RFC: naming for FrontTransversal and Transversal ranges
sandford at jhu.edu
Sat May 2 10:19:09 PDT 2009
On Sat, 02 May 2009 04:17:29 -0400, Don <nospam at nospam.com> wrote:
> Bill Baxter wrote:
>> On Fri, May 1, 2009 at 5:36 PM, bearophile <bearophileHUGS at lycos.com>
>>> Bill Baxter:
>>>> Much more often the discussion on the numpy list takes the form of
>>>> "how do I make this loop faster" becuase loops are slow in Python so
>>>> you have to come up with clever transformations to turn your loop into
>>>> array ops. This is thankfully a problem that D array libs do not
>>>> have. If you think of it as a loop, go ahead and implement it as a
>>> Sigh! Already today, and even more tomorrow, this is often false for D
>>> too. In my computer I have a cheap GPU that is sleeping while my D
>>> code runs. Even my other core sleeps. And I am using one core at 32
>>> bits only.
>>> You will need ways to data-parallelize and other forms of parallel
>>> processing. So maybe nornmal loops will not cuti it.
>> Yeh. If you want to use multiple cores you've got a whole 'nother can
>> o worms. But at least I find that today most apps seem get by just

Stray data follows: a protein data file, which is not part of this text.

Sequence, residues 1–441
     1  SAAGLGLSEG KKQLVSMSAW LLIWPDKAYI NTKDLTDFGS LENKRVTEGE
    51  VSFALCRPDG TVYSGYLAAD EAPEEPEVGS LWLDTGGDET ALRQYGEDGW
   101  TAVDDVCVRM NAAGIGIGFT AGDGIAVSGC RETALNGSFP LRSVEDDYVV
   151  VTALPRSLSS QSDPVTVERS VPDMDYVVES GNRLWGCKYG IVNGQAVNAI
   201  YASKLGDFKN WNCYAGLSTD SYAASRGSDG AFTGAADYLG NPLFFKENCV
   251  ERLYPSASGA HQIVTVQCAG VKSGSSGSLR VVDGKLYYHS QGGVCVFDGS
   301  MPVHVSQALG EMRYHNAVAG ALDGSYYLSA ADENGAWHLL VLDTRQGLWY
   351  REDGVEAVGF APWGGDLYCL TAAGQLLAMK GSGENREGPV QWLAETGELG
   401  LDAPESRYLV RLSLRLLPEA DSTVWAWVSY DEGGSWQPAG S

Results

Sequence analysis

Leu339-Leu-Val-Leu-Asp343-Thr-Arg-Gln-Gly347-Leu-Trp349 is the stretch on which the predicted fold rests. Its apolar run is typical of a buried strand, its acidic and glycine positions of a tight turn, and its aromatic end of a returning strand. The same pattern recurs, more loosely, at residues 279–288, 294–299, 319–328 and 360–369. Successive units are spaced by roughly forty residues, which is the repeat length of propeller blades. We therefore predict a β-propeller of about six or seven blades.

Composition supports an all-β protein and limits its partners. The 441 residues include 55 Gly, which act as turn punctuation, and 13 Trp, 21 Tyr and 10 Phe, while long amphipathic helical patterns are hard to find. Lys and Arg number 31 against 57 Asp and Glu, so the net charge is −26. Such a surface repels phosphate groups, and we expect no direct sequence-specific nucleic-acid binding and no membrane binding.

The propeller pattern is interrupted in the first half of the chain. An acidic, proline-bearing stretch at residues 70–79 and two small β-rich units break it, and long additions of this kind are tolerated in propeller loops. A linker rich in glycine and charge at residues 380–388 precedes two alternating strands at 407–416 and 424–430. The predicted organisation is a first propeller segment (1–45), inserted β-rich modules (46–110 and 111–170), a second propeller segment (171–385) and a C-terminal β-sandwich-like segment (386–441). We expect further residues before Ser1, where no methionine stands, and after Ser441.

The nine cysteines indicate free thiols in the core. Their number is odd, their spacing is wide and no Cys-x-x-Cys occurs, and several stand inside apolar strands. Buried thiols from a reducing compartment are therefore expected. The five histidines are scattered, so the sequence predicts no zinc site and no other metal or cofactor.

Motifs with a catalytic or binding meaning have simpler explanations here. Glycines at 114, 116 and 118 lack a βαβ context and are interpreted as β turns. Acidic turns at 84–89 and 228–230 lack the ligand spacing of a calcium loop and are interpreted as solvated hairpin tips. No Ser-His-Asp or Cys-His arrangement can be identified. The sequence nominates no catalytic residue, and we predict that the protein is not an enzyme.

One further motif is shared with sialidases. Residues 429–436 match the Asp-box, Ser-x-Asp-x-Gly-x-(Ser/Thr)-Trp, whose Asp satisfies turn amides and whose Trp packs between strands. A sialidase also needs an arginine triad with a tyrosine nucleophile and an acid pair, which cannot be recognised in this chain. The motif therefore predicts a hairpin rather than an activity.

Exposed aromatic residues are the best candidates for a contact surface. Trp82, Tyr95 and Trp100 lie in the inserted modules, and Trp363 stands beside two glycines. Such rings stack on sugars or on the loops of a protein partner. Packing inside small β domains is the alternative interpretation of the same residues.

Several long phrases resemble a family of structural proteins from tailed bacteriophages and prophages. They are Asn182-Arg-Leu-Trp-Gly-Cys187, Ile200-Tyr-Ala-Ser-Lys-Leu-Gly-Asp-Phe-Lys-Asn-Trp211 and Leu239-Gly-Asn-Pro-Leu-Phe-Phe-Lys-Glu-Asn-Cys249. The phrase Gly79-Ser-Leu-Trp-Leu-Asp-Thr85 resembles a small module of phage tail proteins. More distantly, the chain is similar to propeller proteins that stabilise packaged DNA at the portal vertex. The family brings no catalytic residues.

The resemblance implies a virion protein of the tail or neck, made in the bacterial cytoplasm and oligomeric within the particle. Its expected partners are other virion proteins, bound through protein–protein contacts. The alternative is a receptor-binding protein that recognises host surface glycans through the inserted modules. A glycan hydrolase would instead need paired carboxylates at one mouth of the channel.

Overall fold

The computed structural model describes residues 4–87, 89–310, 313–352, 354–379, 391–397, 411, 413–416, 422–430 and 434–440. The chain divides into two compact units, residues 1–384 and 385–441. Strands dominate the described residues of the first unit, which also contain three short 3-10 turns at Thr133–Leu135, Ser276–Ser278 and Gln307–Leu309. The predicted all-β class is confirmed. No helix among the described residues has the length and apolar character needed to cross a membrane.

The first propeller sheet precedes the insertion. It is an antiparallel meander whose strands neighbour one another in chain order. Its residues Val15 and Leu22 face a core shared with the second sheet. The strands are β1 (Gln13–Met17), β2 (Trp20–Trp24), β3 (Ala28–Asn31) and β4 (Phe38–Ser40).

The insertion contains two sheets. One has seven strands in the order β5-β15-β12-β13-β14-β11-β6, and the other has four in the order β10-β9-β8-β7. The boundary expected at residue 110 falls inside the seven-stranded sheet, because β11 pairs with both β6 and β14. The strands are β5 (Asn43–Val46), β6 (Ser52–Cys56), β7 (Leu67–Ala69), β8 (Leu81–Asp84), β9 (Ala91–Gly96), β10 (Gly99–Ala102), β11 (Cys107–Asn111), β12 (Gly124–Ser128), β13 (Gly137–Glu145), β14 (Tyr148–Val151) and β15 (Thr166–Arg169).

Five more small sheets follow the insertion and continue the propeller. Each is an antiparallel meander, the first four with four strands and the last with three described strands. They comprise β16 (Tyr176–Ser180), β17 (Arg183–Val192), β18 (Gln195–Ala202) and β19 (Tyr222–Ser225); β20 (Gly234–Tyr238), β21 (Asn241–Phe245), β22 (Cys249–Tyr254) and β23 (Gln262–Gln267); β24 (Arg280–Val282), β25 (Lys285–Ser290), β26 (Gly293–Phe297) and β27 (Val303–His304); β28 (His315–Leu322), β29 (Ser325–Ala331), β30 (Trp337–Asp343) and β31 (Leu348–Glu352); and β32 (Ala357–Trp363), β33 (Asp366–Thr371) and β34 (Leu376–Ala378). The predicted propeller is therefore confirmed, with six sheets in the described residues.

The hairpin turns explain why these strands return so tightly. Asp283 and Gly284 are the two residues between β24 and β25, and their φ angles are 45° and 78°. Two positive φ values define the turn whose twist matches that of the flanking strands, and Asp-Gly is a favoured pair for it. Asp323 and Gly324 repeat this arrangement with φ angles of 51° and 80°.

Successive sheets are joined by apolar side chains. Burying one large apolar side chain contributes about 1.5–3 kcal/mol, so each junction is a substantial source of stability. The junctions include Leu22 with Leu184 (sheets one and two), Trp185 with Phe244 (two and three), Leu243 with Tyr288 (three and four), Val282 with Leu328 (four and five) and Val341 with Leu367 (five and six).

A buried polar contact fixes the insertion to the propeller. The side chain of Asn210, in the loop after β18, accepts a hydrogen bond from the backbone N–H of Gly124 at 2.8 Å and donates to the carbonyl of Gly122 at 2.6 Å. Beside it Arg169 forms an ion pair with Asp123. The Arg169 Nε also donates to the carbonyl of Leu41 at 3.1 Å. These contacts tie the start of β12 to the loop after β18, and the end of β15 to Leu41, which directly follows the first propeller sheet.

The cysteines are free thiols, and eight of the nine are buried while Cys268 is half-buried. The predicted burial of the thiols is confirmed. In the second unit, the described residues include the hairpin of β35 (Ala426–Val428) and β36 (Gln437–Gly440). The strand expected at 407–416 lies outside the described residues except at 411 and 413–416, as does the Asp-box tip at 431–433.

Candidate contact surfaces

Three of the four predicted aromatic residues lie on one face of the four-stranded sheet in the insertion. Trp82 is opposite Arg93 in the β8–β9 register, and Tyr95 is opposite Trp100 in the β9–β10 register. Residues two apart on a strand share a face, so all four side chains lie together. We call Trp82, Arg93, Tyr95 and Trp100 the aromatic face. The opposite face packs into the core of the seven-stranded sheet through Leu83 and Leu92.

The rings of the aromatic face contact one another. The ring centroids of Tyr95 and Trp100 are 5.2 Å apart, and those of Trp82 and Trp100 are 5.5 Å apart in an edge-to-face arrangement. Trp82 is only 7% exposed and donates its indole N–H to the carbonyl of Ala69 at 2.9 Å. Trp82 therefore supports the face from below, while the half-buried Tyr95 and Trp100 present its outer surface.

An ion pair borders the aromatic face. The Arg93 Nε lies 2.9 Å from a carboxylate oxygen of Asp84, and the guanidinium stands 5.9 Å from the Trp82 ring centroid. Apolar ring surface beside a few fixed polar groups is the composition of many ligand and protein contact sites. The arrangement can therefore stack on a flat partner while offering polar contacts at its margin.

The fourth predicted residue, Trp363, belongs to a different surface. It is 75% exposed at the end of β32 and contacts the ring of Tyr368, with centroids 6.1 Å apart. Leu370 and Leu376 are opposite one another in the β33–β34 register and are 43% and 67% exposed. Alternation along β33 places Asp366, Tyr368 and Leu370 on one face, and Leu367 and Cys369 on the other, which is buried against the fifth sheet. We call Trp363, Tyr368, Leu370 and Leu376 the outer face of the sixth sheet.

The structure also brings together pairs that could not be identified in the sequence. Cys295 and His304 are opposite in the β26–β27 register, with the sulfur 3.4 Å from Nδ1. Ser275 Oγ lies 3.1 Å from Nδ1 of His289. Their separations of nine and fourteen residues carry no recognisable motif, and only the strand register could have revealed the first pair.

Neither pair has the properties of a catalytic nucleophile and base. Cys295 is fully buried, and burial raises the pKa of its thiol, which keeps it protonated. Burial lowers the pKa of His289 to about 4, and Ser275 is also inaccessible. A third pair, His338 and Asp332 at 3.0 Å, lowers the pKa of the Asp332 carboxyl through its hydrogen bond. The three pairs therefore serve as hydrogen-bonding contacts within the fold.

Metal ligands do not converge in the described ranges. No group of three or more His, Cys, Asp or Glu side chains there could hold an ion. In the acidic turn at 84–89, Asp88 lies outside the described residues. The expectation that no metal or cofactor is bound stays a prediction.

>> fine using a single core. Strange though, aren't you the guy always
>> telling us how being able to express your algorithm clearly is often
>> more important than raw performance?
> I confess to being mighty skeptical about the whole multi-threaded,
> multi-core thing. I think we're going to find that there's only two
> practical uses of multi-core:
> (1) embarressingly-parallel operations; and
> (2) process-level concurrency.
> I just don't believe that apps have as much opportunity for parallelism
> as people seem to think. There's just too many dependencies.
> Sure, you can (say) with a game, split your AI into a seperate core from
> your graphics stuff, but that's only applicable for 2-4 cores. It
> doesn't work for 100+ cores.
> (Which is why I think that broadening the opportunity for case (1) is
> the most promising avenue for actually using a host of cores).
Actually, AI is mostly embarrassingly-parallel. The issue is the mostly
part of that statement, which is why optimized reader/writer locks and STM
are showing up in game engines. And really, >90% of the CPU time has been
physics, which is both embarrassingly-parallel and being off-loaded onto
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